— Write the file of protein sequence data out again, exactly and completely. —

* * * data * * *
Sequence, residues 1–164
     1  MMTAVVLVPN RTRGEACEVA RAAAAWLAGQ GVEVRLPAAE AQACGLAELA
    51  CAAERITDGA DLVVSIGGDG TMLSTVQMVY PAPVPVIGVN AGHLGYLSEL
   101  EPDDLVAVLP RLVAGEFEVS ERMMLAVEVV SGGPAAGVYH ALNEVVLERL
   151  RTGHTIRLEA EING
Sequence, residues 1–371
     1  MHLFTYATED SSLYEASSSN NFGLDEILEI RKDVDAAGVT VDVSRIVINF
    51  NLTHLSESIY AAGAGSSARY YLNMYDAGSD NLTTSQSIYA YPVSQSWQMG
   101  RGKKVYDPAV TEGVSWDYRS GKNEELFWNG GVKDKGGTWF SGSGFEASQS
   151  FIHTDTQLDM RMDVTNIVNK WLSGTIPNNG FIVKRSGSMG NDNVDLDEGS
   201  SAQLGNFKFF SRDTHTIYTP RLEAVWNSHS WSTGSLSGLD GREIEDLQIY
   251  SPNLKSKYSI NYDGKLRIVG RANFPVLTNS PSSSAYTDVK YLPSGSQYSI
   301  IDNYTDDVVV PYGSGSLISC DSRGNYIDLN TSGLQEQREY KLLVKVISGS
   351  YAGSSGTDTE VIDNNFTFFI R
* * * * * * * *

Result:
Sequence, residues 1–164
     1  MMTAVVLVPN RTRGEACEVA RAAAAWLAGQ GVEVRLPAAE AQACGLAELA
    51  CAAERITDGA DLVVSIGGDG TMLSTVQMVY PAPVPVIGVN AGHLGYLSEL
   101  EPDDLVAVLP RLVAGEFEVS ERMMLAVEVV SGGPAAGVYH ALNEVVLERL
   151  RTGHTIRLEA EING
Sequence, residues 1–371
     1  MHLFTYATED SSLYEASSSN NFGLDEILEI RKDVDAAGVT VDVSRIVINF
    51  NLTHLSESIY AAGAGSSARY YLNMYDAGSD NLTTSQSIYA YPVSQSWQMG
   101  RGKKVYDPAV TEGVSWDYRS GKNEELFWNG GVKDKGGTWF SGSGFEASQS
   151  FIHTDTQLDM RMDVTNIVNK WLSGTIPNNG FIVKRSGSMG NDNVDLDEGS
   201  SAQLGNFKFF SRDTHTIYTP RLEAVWNSHS WSTGSLSGLD GREIEDLQIY
   251  SPNLKSKYSI NYDGKLRIVG RANFPVLTNS PSSSAYTDVK YLPSGSQYSI
   301  IDNYTDDVVV PYGSGSLISC DSRGNYIDLN TSGLQEQREY KLLVKVISGS
   351  YAGSSGTDTE VIDNNFTFFI R